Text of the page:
The Japan Society Review
The Japan Society Review is published on a quartely basis, both online and printed (members are entitled to receive a copy by post). Since the starting of the publication in 2006, each issue covers a selection of Japan-related books and films, as well as theatre and stage productions, tv series and exhibitions. Its purpose is to inform, entertain and encourage readers to explore the works for themselves.
The Japan Society Review is possible thanks to the work of volunteers who dedicated their time and expertise to help us to promote the learning and understanding of Japanese culture and society.
Issues (PDF)Issue 4 (July 2006, Volume 1, Number 4)
In this sizzling July issue, we aim to lift your spirits a little after Japan's World Cup disappointment. We have a fine selection of new reviews including two gripping tales of romance, a pair of stimulating biographies, a groundbreaking historical analysis and much more.
Issues (PDF)Issue 3 (May 2006, Volume 1, Number 3)
This issue provides you with another great selection of stimulating reviews, this time covering everything form the Chrysanthemum Throne (Enigma of the Emperors) to the Chrysanthemum itself (Garden Plants of Japan). We also have two griping books (Flyboys and To the Kwai and Back) for the regular memoirs section.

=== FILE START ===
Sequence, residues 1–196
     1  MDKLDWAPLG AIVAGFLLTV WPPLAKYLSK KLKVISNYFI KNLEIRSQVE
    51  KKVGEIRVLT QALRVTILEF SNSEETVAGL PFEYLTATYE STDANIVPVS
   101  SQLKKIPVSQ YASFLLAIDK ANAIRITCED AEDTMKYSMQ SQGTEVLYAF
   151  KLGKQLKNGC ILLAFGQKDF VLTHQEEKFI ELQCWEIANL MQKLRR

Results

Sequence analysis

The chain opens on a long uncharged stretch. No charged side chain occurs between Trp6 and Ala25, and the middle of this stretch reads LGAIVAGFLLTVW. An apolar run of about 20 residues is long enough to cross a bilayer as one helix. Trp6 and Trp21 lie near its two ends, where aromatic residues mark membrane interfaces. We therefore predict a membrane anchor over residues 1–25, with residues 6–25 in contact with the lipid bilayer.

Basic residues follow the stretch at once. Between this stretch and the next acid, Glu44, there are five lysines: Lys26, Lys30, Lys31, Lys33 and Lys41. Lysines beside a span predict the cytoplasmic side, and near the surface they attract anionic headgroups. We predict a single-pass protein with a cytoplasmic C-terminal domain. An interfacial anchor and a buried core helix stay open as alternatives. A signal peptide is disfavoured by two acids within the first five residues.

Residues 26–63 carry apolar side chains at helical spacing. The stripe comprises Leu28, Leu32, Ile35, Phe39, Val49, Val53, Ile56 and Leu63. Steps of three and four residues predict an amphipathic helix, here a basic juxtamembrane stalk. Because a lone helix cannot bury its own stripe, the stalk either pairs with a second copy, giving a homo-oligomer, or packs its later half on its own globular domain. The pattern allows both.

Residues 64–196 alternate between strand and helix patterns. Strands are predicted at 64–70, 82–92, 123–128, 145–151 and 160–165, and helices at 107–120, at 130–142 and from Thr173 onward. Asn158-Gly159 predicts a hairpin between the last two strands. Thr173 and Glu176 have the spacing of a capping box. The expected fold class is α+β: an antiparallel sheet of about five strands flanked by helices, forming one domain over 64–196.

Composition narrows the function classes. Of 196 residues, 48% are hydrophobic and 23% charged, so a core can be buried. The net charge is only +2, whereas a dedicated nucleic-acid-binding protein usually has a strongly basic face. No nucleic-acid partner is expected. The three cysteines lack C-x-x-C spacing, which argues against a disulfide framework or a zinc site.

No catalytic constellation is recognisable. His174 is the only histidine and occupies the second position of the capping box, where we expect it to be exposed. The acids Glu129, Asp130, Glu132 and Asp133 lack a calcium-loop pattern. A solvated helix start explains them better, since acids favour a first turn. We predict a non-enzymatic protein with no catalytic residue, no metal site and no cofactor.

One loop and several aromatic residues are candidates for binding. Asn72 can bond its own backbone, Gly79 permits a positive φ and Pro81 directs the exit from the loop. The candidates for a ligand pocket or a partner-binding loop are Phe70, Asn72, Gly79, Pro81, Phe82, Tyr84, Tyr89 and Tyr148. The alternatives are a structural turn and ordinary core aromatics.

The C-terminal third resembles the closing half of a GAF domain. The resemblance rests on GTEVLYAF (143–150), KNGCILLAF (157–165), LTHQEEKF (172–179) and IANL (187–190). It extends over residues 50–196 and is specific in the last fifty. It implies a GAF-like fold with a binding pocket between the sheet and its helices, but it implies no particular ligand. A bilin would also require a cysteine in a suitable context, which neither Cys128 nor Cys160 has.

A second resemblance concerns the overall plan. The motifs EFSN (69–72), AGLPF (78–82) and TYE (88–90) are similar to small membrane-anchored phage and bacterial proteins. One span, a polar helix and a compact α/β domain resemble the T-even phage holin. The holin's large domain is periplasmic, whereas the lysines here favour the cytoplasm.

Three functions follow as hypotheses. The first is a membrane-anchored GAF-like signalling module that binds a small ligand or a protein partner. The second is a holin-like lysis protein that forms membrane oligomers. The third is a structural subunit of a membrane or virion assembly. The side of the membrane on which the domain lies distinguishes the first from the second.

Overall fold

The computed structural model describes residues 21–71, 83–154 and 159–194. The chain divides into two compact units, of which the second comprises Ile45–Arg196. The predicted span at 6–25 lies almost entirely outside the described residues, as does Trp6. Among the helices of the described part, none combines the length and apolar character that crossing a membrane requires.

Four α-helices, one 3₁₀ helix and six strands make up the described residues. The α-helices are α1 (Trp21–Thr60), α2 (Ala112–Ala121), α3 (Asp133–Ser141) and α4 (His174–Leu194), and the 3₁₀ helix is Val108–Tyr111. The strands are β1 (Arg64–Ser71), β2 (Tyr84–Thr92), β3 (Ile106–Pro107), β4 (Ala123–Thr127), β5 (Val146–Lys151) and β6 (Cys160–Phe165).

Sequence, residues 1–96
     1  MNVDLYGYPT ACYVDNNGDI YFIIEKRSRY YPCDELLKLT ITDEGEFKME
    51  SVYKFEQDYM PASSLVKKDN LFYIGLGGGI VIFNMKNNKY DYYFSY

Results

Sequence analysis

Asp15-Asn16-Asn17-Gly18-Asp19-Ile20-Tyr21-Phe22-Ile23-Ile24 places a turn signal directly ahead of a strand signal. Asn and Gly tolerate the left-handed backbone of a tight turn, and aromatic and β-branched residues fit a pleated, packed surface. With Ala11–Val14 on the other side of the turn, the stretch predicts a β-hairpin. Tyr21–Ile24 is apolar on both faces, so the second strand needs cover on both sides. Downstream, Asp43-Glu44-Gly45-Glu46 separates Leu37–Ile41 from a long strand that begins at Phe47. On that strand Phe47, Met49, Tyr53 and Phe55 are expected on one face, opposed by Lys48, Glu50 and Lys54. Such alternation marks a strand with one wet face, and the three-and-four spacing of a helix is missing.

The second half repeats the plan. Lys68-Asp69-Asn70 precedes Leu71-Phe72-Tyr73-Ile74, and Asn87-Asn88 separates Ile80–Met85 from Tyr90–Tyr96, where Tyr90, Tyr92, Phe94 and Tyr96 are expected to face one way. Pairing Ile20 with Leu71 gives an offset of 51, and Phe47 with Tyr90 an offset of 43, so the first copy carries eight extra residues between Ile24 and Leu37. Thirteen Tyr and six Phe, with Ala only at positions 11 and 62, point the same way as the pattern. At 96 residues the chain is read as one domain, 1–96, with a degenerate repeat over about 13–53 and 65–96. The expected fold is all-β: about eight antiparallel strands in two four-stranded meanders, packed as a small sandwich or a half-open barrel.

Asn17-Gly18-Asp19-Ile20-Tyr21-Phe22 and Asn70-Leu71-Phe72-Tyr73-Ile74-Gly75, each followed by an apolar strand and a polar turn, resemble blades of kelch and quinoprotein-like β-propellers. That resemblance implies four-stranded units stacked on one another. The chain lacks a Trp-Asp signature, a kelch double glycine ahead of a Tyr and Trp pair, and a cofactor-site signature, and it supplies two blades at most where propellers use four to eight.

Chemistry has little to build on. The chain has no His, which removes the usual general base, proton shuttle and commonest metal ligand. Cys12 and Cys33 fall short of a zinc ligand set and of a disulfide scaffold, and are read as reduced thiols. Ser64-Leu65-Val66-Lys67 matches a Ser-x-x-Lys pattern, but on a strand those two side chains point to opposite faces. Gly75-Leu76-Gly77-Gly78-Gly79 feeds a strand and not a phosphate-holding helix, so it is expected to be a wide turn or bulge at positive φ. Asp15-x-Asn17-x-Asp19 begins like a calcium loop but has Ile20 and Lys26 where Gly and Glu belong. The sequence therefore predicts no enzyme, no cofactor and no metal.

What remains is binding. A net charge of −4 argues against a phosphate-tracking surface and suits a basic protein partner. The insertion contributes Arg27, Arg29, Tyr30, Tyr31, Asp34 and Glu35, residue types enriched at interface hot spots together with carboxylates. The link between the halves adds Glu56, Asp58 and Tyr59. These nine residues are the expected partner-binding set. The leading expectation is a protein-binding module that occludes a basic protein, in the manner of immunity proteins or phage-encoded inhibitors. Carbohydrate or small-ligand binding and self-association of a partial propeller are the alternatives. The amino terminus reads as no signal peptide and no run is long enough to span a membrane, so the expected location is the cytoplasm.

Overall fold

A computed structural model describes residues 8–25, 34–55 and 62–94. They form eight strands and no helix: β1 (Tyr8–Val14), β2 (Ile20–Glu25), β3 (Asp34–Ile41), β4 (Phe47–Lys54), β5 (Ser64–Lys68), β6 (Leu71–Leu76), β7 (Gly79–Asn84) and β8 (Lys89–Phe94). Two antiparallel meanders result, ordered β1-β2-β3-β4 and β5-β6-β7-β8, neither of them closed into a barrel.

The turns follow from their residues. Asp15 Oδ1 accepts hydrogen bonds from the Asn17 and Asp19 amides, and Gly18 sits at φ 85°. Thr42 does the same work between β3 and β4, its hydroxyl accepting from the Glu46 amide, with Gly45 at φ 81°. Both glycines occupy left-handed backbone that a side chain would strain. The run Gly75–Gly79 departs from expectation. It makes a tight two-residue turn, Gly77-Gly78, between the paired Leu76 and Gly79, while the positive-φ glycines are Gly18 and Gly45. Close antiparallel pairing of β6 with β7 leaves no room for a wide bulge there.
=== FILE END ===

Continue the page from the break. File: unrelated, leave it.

Issues (PDF)Issue 2 (March 2006, Volume 1, Number 2)
Welcome to the second edition of Japan Book Review. In this issue we have some sharply contrasting books, starting off with a look at how the latest developments in risk management are sustaining Japanese capitalism and then turning in the opposite direction to chart the decline of the left in Japanese politics.
Issues (PDF)Issue 1 (January 2006, Volume 1, Number 1)
Welcome to the first edition of Japan Book Review. We hope the new-look format for the reviews will enhance your enjoyment of this highly popular feature. The theme for this inaugural issue is memoirs and we are featuring four newly released books under this heading including Crown Prince Naruhito's account of his two years at Oxford.